Yeah, First of all, I love the description That’s what everybody’s saying about their new track when they’re trying to send it to us like this is, this is the best track ever. A super exclusive sound design is gonna be charted. The buyer’s gonna get, like one next morning gags. Nope, Sorry. Ah, and that’s what everybody thinks about his music. But I just like to come down to Earth and try to grab you who you are. So just look up at the labels he release. Look at this similar artist and try to ask their pricing. So you just gonna need to get him because, you know, not everybody’s. Um I mean, no one puts their prices online, so you have to go on parties or, um, like forums or somewhere try to contact them in de M. Just as like, how much do you guys charge? And based on the arches profile? Because right now we’re talking about the Arch is trying to teach his ghost production service right? It’s not just a producer without no name, because no name producer must lychee is going to charge the lowest prize because he doesn’t have any, like, marketing and brand behind him. It’s the guy who is just going to be a setting on websites like us or audio jungle anywhere where you don’t have to worry about the marketing. So this is probably like 2 $300 for a track. But if you’re a guy with a profile than in depends on the environment ah, you just need to do the market research. But I would say, um also depends on the type of Jonah are we talking about? If this is a tech house, if this is the Tech house, which is on hype now, so there. And it’s one of the most easiest and less time consuming genders to make the guy who is releasing on tool room records, um, on Sola share, too. Those times of labels, he was probably charge. I mean, not the guide like label owner or 80 released just a guy who has the releases and place in local collapse on the cows parties. The price would be from 700 to $1000 which is like it’s rice more than no name guy. But if you are A if you are in the, um, almost headliners off those labels, then you can charge $2000. Why? I don’t mention, like, skyrocket prices 5000, 10,000 because, uh, I cannot explain such price. You know, you have to. I think it’s more about marketing. You can charge whatever you want. It depends how frequently going to be paid and actually paid. And not just like, uh, present your price of people.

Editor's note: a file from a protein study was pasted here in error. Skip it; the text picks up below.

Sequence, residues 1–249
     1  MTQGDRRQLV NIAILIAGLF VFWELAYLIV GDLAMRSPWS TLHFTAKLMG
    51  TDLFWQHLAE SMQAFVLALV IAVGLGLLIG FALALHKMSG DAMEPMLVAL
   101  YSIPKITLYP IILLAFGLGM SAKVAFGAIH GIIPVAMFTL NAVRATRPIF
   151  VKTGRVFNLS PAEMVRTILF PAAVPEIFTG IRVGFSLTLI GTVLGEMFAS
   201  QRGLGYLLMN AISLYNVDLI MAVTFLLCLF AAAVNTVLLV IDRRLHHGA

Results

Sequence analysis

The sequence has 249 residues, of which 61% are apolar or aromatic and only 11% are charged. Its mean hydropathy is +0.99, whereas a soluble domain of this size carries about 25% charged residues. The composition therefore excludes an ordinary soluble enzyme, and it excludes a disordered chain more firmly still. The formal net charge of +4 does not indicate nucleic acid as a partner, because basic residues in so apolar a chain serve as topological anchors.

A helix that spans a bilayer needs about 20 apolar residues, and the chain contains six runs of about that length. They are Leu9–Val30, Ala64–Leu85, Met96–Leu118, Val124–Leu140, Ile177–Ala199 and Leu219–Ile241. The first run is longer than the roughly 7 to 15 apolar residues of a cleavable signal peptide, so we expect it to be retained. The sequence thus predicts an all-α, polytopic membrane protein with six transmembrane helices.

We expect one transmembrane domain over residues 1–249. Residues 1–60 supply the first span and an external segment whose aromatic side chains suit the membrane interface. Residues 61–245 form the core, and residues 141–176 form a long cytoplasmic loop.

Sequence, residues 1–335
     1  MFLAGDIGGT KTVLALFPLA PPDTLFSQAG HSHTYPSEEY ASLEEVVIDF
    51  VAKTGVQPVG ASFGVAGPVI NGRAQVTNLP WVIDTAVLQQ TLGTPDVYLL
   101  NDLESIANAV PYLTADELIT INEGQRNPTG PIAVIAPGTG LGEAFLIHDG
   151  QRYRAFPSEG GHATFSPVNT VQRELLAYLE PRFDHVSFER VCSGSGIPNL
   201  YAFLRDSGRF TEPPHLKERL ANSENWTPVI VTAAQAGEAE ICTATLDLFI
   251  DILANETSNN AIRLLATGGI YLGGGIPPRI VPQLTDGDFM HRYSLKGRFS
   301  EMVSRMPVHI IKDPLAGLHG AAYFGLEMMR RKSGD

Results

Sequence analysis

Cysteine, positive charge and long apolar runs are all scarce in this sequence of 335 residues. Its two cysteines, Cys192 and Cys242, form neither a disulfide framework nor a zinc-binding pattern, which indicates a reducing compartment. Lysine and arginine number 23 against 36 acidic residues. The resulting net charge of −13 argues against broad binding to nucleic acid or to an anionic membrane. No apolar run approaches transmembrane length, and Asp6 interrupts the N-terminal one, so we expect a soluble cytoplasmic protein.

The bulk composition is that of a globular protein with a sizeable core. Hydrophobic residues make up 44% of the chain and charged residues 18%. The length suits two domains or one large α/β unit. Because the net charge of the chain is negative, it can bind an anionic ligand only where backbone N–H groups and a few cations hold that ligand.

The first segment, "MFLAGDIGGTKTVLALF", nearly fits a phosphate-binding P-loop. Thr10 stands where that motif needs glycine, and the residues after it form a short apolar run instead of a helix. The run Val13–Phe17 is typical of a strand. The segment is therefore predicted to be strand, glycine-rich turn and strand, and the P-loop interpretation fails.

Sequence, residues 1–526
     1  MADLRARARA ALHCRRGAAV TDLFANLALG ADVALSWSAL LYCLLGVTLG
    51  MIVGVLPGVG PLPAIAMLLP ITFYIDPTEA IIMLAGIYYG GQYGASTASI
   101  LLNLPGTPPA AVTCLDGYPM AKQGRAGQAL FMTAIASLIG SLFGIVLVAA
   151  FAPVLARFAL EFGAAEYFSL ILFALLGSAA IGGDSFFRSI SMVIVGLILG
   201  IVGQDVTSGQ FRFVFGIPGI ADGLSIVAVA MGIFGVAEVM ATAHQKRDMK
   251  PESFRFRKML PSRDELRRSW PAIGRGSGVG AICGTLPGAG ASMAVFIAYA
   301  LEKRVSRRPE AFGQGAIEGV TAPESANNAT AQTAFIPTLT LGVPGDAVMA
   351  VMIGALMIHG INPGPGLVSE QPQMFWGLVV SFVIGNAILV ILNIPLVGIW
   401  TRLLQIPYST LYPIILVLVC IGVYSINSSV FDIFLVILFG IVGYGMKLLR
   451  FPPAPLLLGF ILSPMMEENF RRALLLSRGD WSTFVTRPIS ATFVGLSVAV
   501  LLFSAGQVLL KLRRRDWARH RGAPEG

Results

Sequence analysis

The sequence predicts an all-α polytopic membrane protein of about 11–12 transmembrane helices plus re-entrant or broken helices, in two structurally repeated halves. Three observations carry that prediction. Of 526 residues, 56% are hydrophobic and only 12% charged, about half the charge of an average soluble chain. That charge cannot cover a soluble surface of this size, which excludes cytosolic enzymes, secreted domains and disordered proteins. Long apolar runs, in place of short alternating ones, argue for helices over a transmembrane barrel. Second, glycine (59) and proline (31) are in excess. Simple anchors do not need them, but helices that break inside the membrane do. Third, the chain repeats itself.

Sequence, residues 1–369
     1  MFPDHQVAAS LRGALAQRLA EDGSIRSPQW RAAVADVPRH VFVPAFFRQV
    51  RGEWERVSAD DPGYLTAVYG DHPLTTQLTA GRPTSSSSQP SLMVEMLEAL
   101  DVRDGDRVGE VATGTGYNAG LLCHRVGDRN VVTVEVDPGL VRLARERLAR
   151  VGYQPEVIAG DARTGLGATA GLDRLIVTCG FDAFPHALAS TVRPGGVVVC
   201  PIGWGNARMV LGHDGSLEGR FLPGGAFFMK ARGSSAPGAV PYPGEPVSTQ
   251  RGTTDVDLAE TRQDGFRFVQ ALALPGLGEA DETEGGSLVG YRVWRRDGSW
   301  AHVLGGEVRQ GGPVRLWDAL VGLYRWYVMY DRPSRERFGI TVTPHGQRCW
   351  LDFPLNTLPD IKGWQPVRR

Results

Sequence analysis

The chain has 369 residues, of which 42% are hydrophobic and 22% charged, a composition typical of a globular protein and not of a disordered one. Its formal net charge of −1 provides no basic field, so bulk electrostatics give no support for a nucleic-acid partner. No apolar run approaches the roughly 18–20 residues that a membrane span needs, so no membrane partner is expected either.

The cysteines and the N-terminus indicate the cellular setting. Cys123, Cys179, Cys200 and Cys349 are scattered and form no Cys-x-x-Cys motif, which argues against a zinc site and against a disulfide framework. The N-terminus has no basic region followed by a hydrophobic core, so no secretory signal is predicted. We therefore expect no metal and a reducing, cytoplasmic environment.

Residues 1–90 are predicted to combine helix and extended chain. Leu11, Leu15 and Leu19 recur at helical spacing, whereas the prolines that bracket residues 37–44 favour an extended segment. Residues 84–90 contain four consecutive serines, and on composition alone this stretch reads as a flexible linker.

spk_0:
42:44
Mmm. Yeah, I think, uh, the marketing aspect has a lot to do with that as well. You know, you can’t charge $2000 for a track. If you’re no name producer, no writing credits behind, you know, signed releases. That’s just so anyone would look at that and laugh in your face. A no name producer would look at that and laugh in your fucking face. Even if it’s the best produce track in the entire world. They were gonna look at you and go. No, there’s I mean, there’s no reason why I would by this track from you. How many? How often is it that you see record labels? Actually Ah, getting a ghost producer for Do you? Do you guys have record label’s coming to you and saying, Hey, we need this track produced for a producer that wants to sign a tractor. A rental? Oh, no, it’s just producers.
spk_1:
43:41
It’s just producer just DJs. Uh, sometimes when the DJ producer he hosts Iran’s the label, then he can ask for Rex. But that’s such a rare thing. I think we only got, like, two or three clients.
spk_0:
43:56